The first thing you may be asking yourself is, “What exactly is Taran Tactical Innovations?” This is Taran Butler’s gun company. Taran made a name for himself as a world-class competitive shooter. He then leveraged that fame and proven success into becoming the “Hollywood” gun trainer.
You may have seen some of his videos training Keanu Reeves and other action movie stars. Many of the guns from TTI were used in the “John Wick” movies. This is why I say the TR-9 may be the next “John Wick” gun, because it has the look and performance of what might be another star in one of those films.
Features & Specs
The rifle comes with a one-piece 13-inch monolithic barrel (QPQ Nitride). The compensator is counterbored into the barrel. They are the only PCC manufacturer doing this, and it allows for tighter tolerances on the muzzle brake, which translates to better performance and accuracy. The total package is thus 16 inches, making it legal without a stamp. One interesting note is that the brake has external 13/16-16 TPI threads to still accept compatible muzzle devices.
The 12-inch handguard is free floating and made of featherweight carbon fiber. M-LOK cutouts dot the forend and make it even lighter. The front of the handguard is scalloped to dig into barricades. My test gun came with the factory-optional “Grand Master Grip Job” on the handguard that feels like skateboard texture for a sure hold.
The receiver is billet aluminum and breaks open like any other AR platform. All the controls are ambidextrous, except for the magazine release. The rifle takes the ubiquitous Glock magazine, and it locks open on the last shot (not true of all 9mm PCCs).
The action starts with a proprietary short-stroke bolt paired with the Kynshot hydraulic buffer that softens the recoil beyond traditional blowback guns while also including a last-round bolt lock.
There are normally two main drawbacks to the blowback design. First, it tends to have higher felt recoil because of the heavy bolt and buffer moving back and forth during the operation. Second, soft loads might not have enough power to cycle the mechanism.
TTI solved the first problem by adding a proprietary short-stroke bolt and Kynshot hydraulic buffer to soften the recoil. I’m sure the 3-inch compensator also helps. The second solution was to offer a factory option for a “Low Power Factor” buffer system for users that shoot softer-recoiling ammunition. TTI states that both systems run most ammo 100 percent, but if you tend to shoot more competition loads, the LPF buffer should be chosen.
Two more reliability features that TTI added are a feed ramp to the barrel and a change to the magazine geometry. The magazine was placed closer to the chamber to create a more ideal feeding angle.
The trigger is a Hiperfire "Hipertouch" Eclipse. This is a single-stage trigger with a very crisp break and super-short reset. It’s advertised as a 2.5-pound pull, but the trigger I got measured in at just 2 pounds.
The safety is a Battle Arms Development ambidextrous short-throw safety. There is an ambi Radian Raptor charging handle and a flared magazine well for fast reloads. A Magpul K2+ grip and a BCM Mod 0 stock round out the furniture.
This is truly a great race gun. The lightweight front end allows for very fast transitioning speeds. That, coupled with the superb trigger, makes this gun a speed demon. The Hyperfire is probably one of the best AR triggers I’ve used not only because of the solid breaking feel but also because of the incredibly short reset.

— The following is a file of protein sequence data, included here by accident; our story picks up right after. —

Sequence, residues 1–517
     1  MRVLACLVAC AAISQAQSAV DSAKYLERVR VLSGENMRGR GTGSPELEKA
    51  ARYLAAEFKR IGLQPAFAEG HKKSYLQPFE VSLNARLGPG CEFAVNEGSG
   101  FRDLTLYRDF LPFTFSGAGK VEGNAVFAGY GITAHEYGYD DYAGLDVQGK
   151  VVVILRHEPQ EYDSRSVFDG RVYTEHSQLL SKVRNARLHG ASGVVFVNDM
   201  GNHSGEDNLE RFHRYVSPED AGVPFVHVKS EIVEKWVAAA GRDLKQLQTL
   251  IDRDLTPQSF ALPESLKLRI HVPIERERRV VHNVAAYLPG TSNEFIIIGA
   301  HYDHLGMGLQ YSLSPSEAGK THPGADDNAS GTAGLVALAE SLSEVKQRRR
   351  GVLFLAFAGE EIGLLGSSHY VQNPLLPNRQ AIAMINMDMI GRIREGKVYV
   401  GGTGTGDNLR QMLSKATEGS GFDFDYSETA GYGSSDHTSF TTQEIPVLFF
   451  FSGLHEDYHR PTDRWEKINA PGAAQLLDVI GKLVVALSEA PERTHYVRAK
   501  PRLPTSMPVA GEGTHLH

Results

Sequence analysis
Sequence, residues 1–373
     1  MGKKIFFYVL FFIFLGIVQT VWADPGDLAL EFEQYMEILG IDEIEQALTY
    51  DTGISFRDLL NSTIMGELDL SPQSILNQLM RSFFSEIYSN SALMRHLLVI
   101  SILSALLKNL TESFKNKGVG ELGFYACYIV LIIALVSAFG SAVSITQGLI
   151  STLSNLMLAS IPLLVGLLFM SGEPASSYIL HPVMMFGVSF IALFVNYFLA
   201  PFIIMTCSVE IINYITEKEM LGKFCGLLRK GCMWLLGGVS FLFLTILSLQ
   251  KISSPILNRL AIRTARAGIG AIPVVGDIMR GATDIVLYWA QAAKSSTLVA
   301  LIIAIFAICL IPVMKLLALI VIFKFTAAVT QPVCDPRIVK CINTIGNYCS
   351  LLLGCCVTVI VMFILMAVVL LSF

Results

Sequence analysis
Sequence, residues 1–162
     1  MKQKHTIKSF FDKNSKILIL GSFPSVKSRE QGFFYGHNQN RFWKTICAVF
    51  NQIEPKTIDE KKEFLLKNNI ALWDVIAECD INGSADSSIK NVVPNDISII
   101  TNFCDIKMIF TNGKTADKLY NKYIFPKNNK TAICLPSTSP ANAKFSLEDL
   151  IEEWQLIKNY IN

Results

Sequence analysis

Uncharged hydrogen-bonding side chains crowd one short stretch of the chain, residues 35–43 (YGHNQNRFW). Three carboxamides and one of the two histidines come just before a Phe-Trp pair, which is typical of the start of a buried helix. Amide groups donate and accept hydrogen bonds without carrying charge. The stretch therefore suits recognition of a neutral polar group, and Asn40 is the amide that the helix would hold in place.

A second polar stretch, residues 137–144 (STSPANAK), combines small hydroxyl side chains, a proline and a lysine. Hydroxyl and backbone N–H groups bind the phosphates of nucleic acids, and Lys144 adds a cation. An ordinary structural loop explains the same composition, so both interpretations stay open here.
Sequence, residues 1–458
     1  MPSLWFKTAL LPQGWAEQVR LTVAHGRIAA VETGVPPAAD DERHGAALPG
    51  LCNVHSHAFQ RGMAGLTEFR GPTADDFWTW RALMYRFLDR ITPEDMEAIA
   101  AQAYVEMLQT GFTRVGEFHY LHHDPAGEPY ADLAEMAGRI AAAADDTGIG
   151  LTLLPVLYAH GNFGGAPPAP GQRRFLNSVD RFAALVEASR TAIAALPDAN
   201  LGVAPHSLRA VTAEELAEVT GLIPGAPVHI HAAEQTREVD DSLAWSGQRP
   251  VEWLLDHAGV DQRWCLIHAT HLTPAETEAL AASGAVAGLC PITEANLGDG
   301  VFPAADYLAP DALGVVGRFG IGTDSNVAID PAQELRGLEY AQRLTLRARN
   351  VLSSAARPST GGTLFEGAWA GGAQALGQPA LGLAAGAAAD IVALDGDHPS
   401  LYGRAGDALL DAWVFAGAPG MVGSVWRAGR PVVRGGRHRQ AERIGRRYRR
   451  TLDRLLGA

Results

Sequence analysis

I also liked the short bolt throw, which makes charging the gun super fast, and the thin, grippy forend gave great control over the rifle. I’m a big fan of ambi bolt controls as well.
The accuracy of the rifle did not disappoint. At 20 yards, I got all the bullet holes to touch with factory Remington range ammo. This is more than enough for its intended use.
As soon as I saw this gun, I knew I had to compare it to my custom Sig MPX rifle, which I built specifically as a PCC competition gun. I assembled it off a Gen 2 MPX with a 13-inch barrel and a 3-inch muzzle device. I then added a carbon-fiber handguard to lighten the weight, a TriggerTech trigger, and a folding Sig stock.
These guns had a lot of similarities. They have identical barrel lengths. They both weigh the same, at around 6.625 pounds with a Holosun red dot attached. Both advertise as ambidextrous rifles, but the Sig actually has no right-side bolt lock, and my MPX TTI has no left-side mag release.
So, the big question is how soft shooting was the TR-9. It is certainly softer shooting than any other blowback design I’ve tried. Shots are easy to track, and it’s quick to come back to target. However, the Sig is just a little softer.
Beyond that, the only other place I think the MPX beat the TR-9 was that it had a folding stock. Because of the Sig action, there is no need for a buffer tube, so a folder can be installed, and the overall package can be shortened.
In every other measure, I think the TR-9 takes the cake. I was surprised that I liked the Hyperfire trigger better than my beloved TriggerTech. I also preferred the thinner handguard, 45-degree safety, ambi bolt lock, and short charging-handle throw better than my MPX.
The TR-9 just handles better because of that light front end. Even though both test guns weigh the same, the weight of the Sig is more out in front because of the gas system. This makes it slower to swing from target to target. In skilled hands, I believe the TR-9 can be run just as fast as the MPX. In addition, theoretically and anecdotally, it’s more reliable.
All in all, I think Taran hit it out of the park on this rifle. It’s expensive, but it’s really worth every penny.